Over the weekend, a friend of mine was describing her work as a teacher in a local classical school. The literature class she taught for 2nd and 3rd graders particularly interested me.
I then asked her what type of reading materials her class used. She replied that their main textbooks were McGuffey readers, the primers used by many one-room public schools between the mid-19th and 20th centuries.
When I asked for her thoughts on the McGuffey texts, she replied that she liked them, but was continually amazed at the reading level they presented to the children. While her students were well able to handle them, the difficulty of the texts seemed a good deal above what we would consider 2nd grade reading material today.
Out of curiosity, I decided to test her instinct to see if the McGuffey readers of yore really were more challenging than the texts today’s students learn on.
After locating a popular modern second grade reading text, The Superkids Hit Second Grade, I used Accelerated Reader’s text analyzer to measure the reading level of the book’s first lesson. It came in at 2.0 – right on target for a child just entering second grade. So far so good.
But running the first lesson of the Second Eclectic McGuffey reader which my friend’s 2nd graders were using didn’t make the modern text look so impressive. In fact, a student hitting 2nd grade using the second McGuffey textbook would be starting the year at a 3.7 reading level – the level of a 3rd grader in the seventh month of the school year!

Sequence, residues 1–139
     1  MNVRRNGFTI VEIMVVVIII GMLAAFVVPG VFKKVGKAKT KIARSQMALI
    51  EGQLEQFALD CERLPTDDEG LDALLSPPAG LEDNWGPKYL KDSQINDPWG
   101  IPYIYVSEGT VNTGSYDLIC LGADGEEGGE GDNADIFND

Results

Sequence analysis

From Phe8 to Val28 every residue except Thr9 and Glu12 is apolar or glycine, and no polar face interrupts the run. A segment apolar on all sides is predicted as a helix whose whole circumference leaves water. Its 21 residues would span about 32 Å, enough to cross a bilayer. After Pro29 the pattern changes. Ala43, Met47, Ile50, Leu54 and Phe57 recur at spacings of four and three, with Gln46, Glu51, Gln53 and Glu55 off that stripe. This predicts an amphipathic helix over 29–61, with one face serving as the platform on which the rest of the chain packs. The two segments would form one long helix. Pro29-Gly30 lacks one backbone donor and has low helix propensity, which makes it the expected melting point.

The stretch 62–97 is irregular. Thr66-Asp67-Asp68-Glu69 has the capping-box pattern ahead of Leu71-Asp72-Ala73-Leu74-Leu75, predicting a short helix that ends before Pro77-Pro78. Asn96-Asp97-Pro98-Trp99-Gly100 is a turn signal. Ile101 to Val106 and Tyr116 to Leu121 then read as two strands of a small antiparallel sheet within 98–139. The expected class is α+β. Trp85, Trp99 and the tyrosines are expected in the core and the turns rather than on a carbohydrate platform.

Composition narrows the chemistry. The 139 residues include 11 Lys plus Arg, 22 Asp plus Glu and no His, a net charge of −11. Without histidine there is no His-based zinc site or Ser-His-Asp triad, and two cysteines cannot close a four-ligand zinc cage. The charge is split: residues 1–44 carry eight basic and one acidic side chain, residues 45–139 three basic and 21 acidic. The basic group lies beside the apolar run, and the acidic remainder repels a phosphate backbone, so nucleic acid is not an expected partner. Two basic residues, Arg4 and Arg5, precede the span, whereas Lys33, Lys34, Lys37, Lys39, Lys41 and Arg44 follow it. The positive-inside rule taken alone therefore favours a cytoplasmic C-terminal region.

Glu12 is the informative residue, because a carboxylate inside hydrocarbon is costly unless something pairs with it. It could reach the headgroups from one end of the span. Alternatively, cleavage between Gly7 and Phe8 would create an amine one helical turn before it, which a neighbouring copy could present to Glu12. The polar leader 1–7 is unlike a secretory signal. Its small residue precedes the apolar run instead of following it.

In addition to the difference in reading levels, my friend also observed that the McGuffey readers were unafraid to convey moral lessons. Consider the first lesson, An Evening at Home, printed in 1879:
“It is winter. The cold wind whistles through the branches of the trees.
Mr. Brown has done his day’s work, and his children, Harry and Kate, have come home from school. They learned their lessons well to-day, and both feel happy
Tea is over. Mrs. Brown has put the little sitting room in order. The fire burns brightly. One lamp gives light enough for all. On the stool is a basket of fine apples. They seem to say, “Won’t you have one?”
Harry and Kate read a story in a new book. The father reads his newspaper, and the mother mends Harry’s stockings.
By and by, they will tell one another what they have been reading about, and will have a chat over the events of the day.
Harry and Kate’s bedtime will come first. I think I see them kiss their dear father and mother a sweet good night.
Do you not wish that every boy and girl could have a home like this?”
From McGuffey’s Second Eclectic Reader, L
The textbook unashamedly promotes such values as hard work, a traditional family, and obedient children.
By contrast, the first lesson in Superkids features two students racing to class to see who is the fastest runner. The most positive moral lesson one can find – if any – seems to involve getting along with others:
“Alf’s backpack went bump, bump, bump as he ran.
He spotted his pal Frits and ran up to him.
‘Let’s run to second grade,’ said Alf.
‘O.K.!’ said Frits. ‘Last kid to class is a rotten egg.’
Alf and Frits ran fast,
up the block,
past the bus stop,
and up the steps.
Zip! Zip! Zip!
At last, the pals got to class and skidded to a stop.
‘I win,’ panted Alf. ‘I am the fastest kid on the planet!’
‘O.K.,’ said Frits. ‘But I am the second fastest kid on the planet.’
‘And I am Ms. Blossom,’ said Ms. Blossom. ‘And my class is the best second grade on the planet!’”
Such a comparison should give us pause. Are the poor reading skills which seem to plague American students throughout elementary and high school the result of our failure to challenge students with difficult material even at early ages?
Furthermore, is it possible the decline in behavior we see in today’s schools is partially due to our failure to pass on time-tested virtues to our children through stories and examples?
Image Credit: Public Domain